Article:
managers and users of ad exchanges must be able to assume that the ad
markup codes are always accurate. Sadly, such is not the case.
Fraudsters can easily delete the markup code and replace it with code
that enables them to impersonate any premium site they choose.

7. *CMS Fraud*

In this approach, bad guys hack into a publisher’s content management
system (CMS) and create their own pages using perfectly legitimate
domains. Then they put those pages on ad exchanges with the premium
publisher’s markup code, but the advertiser who purchases those
positions gets pages with no premium content and pays the fraudster
instead of the publisher.

8. *Re-Targeting Fraud*

As discussed earlier, fraudulent operators can program bots to imitate
very specific, very desirable types of consumers, from sports fans and
home-buyers to tech geeks and grandmothers. Those bots then browse
relevant websites in a way that makes them look like a qualified sales
prospect, including clicking on ads and filling out forms.

These actions create very valuable cookies that advertisers covet
because the target appears ready to make a purchase.

9. *Traffic Fraud or Audience Extension Fraud*

Sometimes publishers need to drive more traffic to their sites, most
often to fulfill a promised number of impressions for advertisers but
also sometimes to boost the number of unique visitors.

“A publisher might book a million dollar ad campaign with an advertiser,
but for whatever reason, they have shortfall of (impression) supply,”
Casale Media vice president Andrew Casale told FIPP. “So they will buy
programmatic media with the advertiser’s budget to fill shortfall.
Publishers go out and buy the traffic from sites they believe to be
similar to their own, but third-party sites have the highest percentage
of fraudulent traffic.

“The advertiser awarded the ad budget to the publisher at a high CPM
because the impressions would be appearing on a trusted brand site,”
said Casale. “But if the publisher betrays that trust and buys traffic
on sites not of the same quality, and that get back to the buyer, you’ve
harmed your brand and your relationship. Those publishers are
effectively feeding the problem, they are trying to solve.”

The full article on the ins and outs of digital advertising fraud:
"You're infected, and probably don't even know it".


/John Wilpers is currently edit//ing the
2015 edition of *FIPP's Innovation in Magazine Media World Report* which
will be launched at the FIPP/VDZ/eMediaSf Digital Innovators Summit
in Berlin, 21-24 March 2015
. This will be the 6th edition of the Innovation Report
which he has
co-authored as consultant with Innovation International Media Consulting
. John consults with media companies around the world focusing on
multi-platform innovation, organizational integration, and
customer-driven editorial management to deliver multimedia content 24-7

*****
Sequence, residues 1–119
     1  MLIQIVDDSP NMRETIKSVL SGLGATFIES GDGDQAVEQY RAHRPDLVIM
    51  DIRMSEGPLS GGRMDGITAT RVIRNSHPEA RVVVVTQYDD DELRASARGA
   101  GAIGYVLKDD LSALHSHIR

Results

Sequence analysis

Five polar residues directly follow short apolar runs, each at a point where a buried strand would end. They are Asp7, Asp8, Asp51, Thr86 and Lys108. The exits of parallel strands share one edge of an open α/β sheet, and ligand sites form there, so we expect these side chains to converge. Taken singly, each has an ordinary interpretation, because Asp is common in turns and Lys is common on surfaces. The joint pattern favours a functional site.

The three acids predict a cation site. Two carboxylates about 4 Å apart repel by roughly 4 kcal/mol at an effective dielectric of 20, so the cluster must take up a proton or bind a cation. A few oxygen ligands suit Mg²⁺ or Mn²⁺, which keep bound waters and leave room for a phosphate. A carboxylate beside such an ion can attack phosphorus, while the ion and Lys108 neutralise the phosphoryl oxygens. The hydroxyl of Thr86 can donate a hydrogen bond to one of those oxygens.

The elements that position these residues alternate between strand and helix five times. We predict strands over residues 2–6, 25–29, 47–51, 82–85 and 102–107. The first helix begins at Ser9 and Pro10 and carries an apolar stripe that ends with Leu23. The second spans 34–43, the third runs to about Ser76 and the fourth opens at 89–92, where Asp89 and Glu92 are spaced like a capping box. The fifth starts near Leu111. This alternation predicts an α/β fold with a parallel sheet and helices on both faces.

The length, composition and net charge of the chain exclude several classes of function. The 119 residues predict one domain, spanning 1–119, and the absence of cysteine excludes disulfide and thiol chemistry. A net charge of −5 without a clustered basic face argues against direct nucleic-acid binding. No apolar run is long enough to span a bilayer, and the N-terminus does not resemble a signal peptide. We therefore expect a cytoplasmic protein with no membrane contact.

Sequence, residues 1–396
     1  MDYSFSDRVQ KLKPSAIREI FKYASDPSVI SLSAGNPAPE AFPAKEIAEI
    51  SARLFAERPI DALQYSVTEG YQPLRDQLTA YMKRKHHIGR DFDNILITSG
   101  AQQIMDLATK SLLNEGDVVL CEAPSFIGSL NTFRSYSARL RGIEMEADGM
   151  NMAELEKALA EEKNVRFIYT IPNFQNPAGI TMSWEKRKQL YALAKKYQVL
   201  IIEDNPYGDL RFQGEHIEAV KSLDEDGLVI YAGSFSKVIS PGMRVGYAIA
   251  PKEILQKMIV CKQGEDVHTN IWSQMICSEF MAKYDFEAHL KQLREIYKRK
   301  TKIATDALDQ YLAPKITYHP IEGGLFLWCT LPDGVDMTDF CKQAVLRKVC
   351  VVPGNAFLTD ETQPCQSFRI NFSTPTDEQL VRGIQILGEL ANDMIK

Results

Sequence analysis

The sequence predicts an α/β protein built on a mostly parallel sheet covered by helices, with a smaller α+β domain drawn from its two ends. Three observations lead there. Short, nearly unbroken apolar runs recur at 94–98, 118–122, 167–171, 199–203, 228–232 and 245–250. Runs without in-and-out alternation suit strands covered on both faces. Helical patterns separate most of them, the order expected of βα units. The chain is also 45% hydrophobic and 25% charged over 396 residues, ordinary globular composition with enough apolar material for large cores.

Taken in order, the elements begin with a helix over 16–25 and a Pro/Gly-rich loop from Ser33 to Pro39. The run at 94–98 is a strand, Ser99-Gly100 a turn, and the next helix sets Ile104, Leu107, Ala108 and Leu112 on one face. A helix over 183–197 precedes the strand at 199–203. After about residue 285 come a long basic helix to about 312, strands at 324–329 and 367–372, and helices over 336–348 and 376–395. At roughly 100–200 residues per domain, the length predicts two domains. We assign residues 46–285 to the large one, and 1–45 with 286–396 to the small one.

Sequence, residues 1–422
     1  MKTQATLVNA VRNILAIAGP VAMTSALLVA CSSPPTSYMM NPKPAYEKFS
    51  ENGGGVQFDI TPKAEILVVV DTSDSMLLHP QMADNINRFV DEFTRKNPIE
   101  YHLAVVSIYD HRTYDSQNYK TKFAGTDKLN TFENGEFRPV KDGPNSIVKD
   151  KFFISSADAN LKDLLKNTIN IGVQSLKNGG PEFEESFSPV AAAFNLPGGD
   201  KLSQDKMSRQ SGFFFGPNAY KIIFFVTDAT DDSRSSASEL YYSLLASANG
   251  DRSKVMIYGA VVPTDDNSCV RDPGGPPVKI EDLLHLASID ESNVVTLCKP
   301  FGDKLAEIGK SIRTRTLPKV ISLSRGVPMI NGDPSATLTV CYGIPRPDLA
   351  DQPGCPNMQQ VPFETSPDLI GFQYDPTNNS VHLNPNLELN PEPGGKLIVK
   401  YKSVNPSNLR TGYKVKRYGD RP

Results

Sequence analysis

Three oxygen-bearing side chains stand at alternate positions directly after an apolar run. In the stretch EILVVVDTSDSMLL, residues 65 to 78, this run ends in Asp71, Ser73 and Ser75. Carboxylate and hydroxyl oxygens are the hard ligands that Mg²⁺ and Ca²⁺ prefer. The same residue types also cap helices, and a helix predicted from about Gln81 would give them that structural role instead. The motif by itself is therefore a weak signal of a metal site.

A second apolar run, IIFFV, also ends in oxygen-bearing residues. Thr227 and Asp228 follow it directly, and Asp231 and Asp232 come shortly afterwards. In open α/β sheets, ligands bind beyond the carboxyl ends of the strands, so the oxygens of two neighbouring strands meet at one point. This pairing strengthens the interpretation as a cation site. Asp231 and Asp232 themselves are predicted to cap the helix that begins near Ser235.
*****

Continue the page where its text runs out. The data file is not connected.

across all platforms. He is currently working with the University of
Virginia on their print and digital publications after finishing
projects with a Czech magazine and newspaper publishing company in
Prague, a Washington, DC B2B magazine company, and a Norwegian newspaper
group./

/Subscribe to FIPP's monthly Innovation newsletter (free).
//Further information
from Helen Bland at FIPP. /


More like this

Your're infected and probably don't even know it: 12 innovative ways to
detect and prevent digital ad fraud


You probably think ad fraud doesn't affect you. Think again.


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  58. 2015-05-19 Robert Menes <viewtiful.icchan-at-gmail.com> Re: [NYLXS - HANGOUT] Check This Out
  59. 2015-05-19 Ruben Safir <mrbrklyn-at-panix.com> Subject: [NYLXS - HANGOUT] NYLXS
  60. 2015-05-19 Rick Moen <rick-at-linuxmafia.com> Re: [NYLXS - HANGOUT] Check This Out
  61. 2015-05-20 Ruben Safir <mrbrklyn-at-panix.com> Re: [NYLXS - HANGOUT] Check This Out
  62. 2015-05-21 Ruben Safir <mrbrklyn-at-panix.com> Subject: [NYLXS - HANGOUT] Free Software Business
  63. 2015-05-25 Ruben Safir <mrbrklyn-at-panix.com> Subject: [NYLXS - HANGOUT] Summer NYLXS Study Schedule
  64. 2015-05-26 Ruben Safir <mrbrklyn-at-panix.com> Subject: [NYLXS - HANGOUT] C++ maheim
  65. 2015-05-26 Ruben Safir <mrbrklyn-at-panix.com> Subject: [NYLXS - HANGOUT] Fwd: IEEE NY Meeting Announcement
  66. 2015-05-27 Ruben Safir <mrbrklyn-at-panix.com> Subject: [NYLXS - HANGOUT] Plane Hacking
  67. 2015-05-27 Ruben Safir <mrbrklyn-at-panix.com> Subject: [NYLXS - HANGOUT] Oracle attach on Android Copyright
  68. 2015-05-28 Ruben Safir <mrbrklyn-at-panix.com> Subject: [NYLXS - HANGOUT] adblock is legal... who knew?
  69. 2015-05-28 mrbrklyn-at-panix.com Subject: [NYLXS - HANGOUT] Steeley Dan in NYC
  70. 2015-05-28 Ruben Safir <mrbrklyn-at-panix.com> Subject: [NYLXS - HANGOUT] Fwd: privacy and data security
  71. 2015-05-28 Ruben Safir <mrbrklyn-at-panix.com> Subject: [NYLXS - HANGOUT] Fwd: Please give to the Houston Relief Fund
  72. 2015-05-28 Ruben Safir <mrbrklyn-at-panix.com> Subject: [NYLXS - HANGOUT] Fwd: Please give to the Houston Relief Fund
  73. 2015-05-28 mrbrklyn-at-panix.com Subject: [NYLXS - HANGOUT] [ruben-at-www.mrbrklyn.com: Linux 1 Book]
  74. 2015-05-29 Ruben Safir <mrbrklyn-at-panix.com> Subject: [NYLXS - HANGOUT] Minting Money with Free software
  75. 2015-05-31 Ruben Safir <mrbrklyn-at-panix.com> Subject: [NYLXS - HANGOUT] anyone familiar with STM?